Containerizing a static website with Docker, part III

Posted on by Matthias Noback

In the previous posts we looked at creating a build container, and after that we created a blog container, serving our generated static website.

It's quite surprising to me how simple the current setup is — admittedly, it's a simple application too. It takes about 50 lines of configuration to get everything up and running.

The idea of the blog container, which has nginx as its main process, is to deploy it to a production server whenever we feel like it, in just "one click". There should be no need to configure a server to host our website, and it should not be necessary to build the application on the server too. This is in fact the promise, and the true power of Docker.

Running containers on a remote server requires two things:

  1. The server should be able to retrieve the container's image.
  2. The Docker engine should be running on the server.

Pushing the container image to Docker Hub

The first step is quite easy. You can create an account at the (default) image registry Docker Hub. There are alternatives, but this seems like the usual place to start. You need to provide the full image name in docker-compose.yml (as we did in the previous post):

services:
    blog:
        ...
        image: matthiasnoback/php-and-symfony-blog

You can now build the image on your machine, using docker-compose build blog, and then push that image to Docker Hub by running docker-compose push blog. On the production server, it will later be possible (see below), to pull the container image from the registry, by running docker-compose pull blog.

Deployment to Digital Ocean using Docker Machine

Now that the container image has been pushed to Docker Hub, we can continue with the next step: installing the Docker engine on the server. You can do it manually, which I did at first. However, I thought it would be a nice occasion to learn about another tool called Docker Machine that performs this task in an automated fashion: it remotely provisions a server, making it ready to run Docker containers.

I already had an account at Digital Ocean, so I just followed the steps described in the Digital Ocean example documentation page. Basically, you let docker-machine create a new "droplet" for you, which is a nice name for a virtual private server (VPS). Once you have done this, you can run docker (and consequently docker-compose) commands on the remote server, from your own laptop. It wasn't entirely clear for me at first, but it works by populating some specific environment variables, which influence the behavior of docker commands.

First I provisioned my server by running:

docker-machine create --driver digitalocean --digitalocean-access-token secret-api-token php-and-symfony-blog

After some time I could run docker-machine env php-and-symfony-blog, which showed something like:

docker-machine env php-and-symfony-blog
export DOCKER_TLS_VERIFY="1"
export DOCKER_HOST="tcp://x.x.x.x:2376"
export DOCKER_CERT_PATH="..."
export DOCKER_MACHINE_NAME="php-and-symfony-blog"
# Run this command to configure your shell:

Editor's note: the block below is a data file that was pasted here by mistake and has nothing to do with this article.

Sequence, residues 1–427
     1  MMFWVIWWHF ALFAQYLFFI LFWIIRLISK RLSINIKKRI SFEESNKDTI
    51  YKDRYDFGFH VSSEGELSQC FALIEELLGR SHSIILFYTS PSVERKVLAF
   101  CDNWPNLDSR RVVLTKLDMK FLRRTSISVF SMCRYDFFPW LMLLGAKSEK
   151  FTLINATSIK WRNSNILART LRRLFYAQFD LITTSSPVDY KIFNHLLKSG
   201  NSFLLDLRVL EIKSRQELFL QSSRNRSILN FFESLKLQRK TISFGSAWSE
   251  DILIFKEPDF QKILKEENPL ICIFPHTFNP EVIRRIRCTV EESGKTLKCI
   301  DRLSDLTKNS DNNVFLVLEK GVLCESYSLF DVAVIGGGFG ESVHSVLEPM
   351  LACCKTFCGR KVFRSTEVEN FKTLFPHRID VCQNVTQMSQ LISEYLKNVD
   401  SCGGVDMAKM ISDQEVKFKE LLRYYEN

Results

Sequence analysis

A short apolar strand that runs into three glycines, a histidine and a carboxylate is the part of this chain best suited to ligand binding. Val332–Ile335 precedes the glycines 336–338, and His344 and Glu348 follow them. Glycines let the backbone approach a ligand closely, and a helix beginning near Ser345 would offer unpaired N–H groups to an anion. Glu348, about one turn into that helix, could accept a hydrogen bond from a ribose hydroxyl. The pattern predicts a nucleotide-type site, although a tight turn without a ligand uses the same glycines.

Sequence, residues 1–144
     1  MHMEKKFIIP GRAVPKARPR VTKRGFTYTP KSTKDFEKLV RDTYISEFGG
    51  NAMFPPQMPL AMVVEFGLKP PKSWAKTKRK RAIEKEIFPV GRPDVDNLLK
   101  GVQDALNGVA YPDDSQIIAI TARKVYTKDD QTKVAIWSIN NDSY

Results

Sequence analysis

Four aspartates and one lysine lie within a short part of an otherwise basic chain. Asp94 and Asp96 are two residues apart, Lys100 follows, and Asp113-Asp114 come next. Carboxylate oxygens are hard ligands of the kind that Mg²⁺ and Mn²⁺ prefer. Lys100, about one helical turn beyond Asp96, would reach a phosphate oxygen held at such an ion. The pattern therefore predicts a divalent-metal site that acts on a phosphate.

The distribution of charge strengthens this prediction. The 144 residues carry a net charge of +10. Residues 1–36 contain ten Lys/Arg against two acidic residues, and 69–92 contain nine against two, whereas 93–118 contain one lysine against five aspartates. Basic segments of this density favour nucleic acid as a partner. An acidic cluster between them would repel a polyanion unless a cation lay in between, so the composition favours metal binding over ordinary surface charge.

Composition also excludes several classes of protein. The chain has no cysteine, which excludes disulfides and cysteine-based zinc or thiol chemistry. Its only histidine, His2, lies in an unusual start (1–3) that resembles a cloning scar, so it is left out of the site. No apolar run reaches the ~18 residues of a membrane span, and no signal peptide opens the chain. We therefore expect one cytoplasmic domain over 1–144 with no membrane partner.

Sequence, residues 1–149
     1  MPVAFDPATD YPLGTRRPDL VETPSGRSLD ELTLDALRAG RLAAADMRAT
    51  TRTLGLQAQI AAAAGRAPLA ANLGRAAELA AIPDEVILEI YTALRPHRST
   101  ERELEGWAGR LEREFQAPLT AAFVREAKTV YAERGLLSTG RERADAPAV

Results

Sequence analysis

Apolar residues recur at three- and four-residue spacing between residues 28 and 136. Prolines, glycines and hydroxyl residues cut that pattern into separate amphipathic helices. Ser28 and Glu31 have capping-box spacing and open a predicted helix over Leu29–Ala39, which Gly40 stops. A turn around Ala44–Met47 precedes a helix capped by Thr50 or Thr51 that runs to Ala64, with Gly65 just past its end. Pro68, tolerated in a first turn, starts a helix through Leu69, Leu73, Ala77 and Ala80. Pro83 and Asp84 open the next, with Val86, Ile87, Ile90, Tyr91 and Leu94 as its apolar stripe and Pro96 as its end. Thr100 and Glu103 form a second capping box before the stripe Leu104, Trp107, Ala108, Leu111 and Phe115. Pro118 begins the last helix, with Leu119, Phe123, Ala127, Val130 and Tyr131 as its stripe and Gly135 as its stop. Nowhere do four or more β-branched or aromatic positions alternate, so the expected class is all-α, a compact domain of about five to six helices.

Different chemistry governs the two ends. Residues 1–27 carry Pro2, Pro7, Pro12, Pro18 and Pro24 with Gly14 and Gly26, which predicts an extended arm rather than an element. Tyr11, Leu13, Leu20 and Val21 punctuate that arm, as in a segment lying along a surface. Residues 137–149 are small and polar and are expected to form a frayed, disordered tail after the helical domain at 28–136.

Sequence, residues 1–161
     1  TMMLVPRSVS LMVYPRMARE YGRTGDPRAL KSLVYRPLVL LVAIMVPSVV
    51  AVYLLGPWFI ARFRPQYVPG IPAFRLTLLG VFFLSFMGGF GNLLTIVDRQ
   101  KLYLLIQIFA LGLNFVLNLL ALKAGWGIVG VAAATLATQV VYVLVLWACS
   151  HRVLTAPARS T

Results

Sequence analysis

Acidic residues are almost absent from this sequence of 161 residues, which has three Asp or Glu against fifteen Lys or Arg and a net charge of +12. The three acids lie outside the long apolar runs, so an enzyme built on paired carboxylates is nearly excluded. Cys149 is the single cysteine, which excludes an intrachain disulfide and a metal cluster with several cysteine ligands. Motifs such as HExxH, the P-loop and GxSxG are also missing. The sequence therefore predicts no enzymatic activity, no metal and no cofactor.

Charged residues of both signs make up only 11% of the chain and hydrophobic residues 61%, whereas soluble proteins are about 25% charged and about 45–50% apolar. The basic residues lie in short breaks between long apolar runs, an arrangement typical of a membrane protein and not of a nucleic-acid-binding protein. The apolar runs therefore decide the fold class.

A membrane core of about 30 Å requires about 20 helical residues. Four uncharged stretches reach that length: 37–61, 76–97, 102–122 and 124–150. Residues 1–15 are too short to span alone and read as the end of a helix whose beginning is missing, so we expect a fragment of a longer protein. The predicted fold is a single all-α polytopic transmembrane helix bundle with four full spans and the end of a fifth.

# eval $(docker-machine env php-and-symfony-blog)

So I followed the instructions and ran eval $(docker-machine env php-and-symfony-blog). From that moment on I could run any docker command and it would be executed against the Docker engine running on the remote server, but — and this is why it's so awesome — based on the configuration files available on the host machine.

This means that I can simply run the following commands from my project root directory:

eval $(docker-machine env php-and-symfony-blog)
docker-compose -f docker-compose.yml pull blog
docker-compose -f docker-compose.yml up -d --no-deps --force-recreate --no-build blog

This pulls the previously pushed blog image from Docker Hub, then starts running the blog container. Running docker-compose ps reveals that indeed, the blog is now up and running, serving the website at port 80 as it should.

Since the environment variables produced by docker-machine env will transparently run docker commands against the remote server from now on, you should not forget to unset these environment variables when you want to communicate with your locally installed Docker engine. Florian Klein pointed out an easy way to accomplish this in the comment section:

eval $(docker-machine env -u)

Some last suggestions:

  • It may be a good idea to write another Make file containing recipes for the above actions (e.g. create and provision a server — if you want that to be a reproducable thing; build, push and run a container image, etc.).
  • Read more about Docker, Docker Compose, Docker Hub (and possibly Docker Machine) by browsing through its documentation pages. Digital Ocean also provides lots of useful documentation, tutorials and guides.

Conclusion

Again: it's all pretty simple, very cool and highly rewarding. I like the fact that:

  • I'm in full control of every software dependency of my application.
  • I don't have to manually install anything on the production server.
  • I won't be afraid to destroy my VPS, since it's very easy to bring a new one up again.

Of course, we have to be very honest about our achievements: once we start going down the road, containerizing larger applications, or more inter-connected applications, we may soon get into trouble. I'm personally setting out on a journey to learn much more about this, so you may expect more about this soon.

Categories: PHP Docker

Tags: Sculpin Docker

Comments: Comments